Cupid Summit View
On the Trail
Cupid and Sniktau
Hot Blonde in Sight
Black Mountain: just the beginning.
Attaining the summit of Black Mountain (PT 13193 as it appears on topo maps) is a straight forward class 3 scramble in summer conditions. For our enjoyment, the maze of ledges and ramps that lead to the summit were coated in a thin layer of verglass and several inches of fresh snow. This pushed the difficulty to exposed class 4 as we were forced off of the slabs onto more vertical aspects that did not hold snow. Because of this, our first roped pitch was across an icy slab traverse and up a 30 foot headwall to the summit ridge of Black Mountain. From here to the summit was a snow covered catwalk that we tight roped, traversed hand over hand on the side, and even crawled across on a few sections.
First Roped Pitch
Atop Black Mountain the view of the traverse is daunting. The first matter of business is to cross a choppy knife edged section with exposure on both sides and then descend a steep face into a notch. There were good holds for this section but the snow was an issue. Faced in downclimbing was the norm and our axes were mostly useless in the shallow unconsolidated snow. Once in the notch we were faced with our second and hardest crux, a snowy, slabby arete with a nasty runout and no belay anchor.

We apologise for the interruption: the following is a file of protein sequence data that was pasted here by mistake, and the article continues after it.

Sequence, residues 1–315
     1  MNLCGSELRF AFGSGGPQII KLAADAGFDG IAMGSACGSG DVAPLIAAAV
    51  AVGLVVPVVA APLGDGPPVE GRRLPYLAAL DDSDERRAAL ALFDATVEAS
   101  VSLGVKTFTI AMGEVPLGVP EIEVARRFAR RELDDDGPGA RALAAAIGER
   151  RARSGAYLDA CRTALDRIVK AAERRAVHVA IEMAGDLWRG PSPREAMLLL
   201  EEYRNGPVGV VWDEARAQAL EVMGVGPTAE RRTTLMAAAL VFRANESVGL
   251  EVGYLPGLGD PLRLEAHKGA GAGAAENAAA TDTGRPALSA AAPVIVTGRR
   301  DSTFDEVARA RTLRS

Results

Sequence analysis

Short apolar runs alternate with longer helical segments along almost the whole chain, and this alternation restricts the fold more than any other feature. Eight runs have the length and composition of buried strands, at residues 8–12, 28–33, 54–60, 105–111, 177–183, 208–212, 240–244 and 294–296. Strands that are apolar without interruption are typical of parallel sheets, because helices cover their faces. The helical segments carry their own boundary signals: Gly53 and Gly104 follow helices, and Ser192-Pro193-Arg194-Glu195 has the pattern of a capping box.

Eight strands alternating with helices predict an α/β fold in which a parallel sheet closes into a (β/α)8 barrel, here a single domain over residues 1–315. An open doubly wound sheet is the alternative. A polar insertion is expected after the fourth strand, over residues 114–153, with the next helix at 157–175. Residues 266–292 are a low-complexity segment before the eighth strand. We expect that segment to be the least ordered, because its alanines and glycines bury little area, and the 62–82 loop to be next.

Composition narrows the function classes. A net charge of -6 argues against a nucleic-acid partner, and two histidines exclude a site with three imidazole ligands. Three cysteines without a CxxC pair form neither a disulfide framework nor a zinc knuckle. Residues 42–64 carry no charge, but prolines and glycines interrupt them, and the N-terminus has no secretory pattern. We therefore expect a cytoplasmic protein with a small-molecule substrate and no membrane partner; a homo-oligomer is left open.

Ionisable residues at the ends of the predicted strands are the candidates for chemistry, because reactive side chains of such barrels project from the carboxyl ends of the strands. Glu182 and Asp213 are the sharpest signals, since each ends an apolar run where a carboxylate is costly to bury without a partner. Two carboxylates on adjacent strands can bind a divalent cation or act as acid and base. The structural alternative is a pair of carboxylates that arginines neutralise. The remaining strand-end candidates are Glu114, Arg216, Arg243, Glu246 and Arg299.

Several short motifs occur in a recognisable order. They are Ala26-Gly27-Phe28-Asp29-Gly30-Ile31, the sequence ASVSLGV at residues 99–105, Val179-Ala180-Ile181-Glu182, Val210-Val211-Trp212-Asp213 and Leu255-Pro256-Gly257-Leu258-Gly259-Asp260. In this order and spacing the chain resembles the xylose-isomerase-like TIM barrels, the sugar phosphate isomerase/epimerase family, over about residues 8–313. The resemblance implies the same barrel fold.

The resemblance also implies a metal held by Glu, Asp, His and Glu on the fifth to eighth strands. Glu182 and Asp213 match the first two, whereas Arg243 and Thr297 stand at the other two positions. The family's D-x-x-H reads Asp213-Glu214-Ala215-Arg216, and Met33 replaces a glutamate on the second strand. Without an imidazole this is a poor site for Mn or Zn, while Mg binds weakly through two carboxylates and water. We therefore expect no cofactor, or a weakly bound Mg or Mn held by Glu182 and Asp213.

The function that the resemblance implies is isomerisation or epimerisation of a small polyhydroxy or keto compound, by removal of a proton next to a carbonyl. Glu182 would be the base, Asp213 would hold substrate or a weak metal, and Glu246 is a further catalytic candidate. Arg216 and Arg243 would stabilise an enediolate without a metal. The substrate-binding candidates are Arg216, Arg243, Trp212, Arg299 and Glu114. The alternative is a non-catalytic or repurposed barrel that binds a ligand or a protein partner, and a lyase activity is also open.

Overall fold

Black Mountain Summit
Traverse to Lenawee
Second Roped Pitch
Standing at the base, we largely ignored the mass of rock and searched urgently for another route. Both sides were sheer slabs and did not offer an alternative. Neither of us wanted to lead the arete. For that matter neither of us wanted to belay the leader either! I finally sacked up for it and grabbed the gear. Tying in, I offered to rope solo until I got a piece in. Sarah declined and put me on belay. The plan was that if I peeled off to the right of the ridge she was going to jump off the left. The rope would go taut and our falls would equalize each other, slamming us into either side of the ridge, but we would live. Never in my wildest dreams did I think I would be in this situation. The only thought going through my brain was "Don't ****ing fall."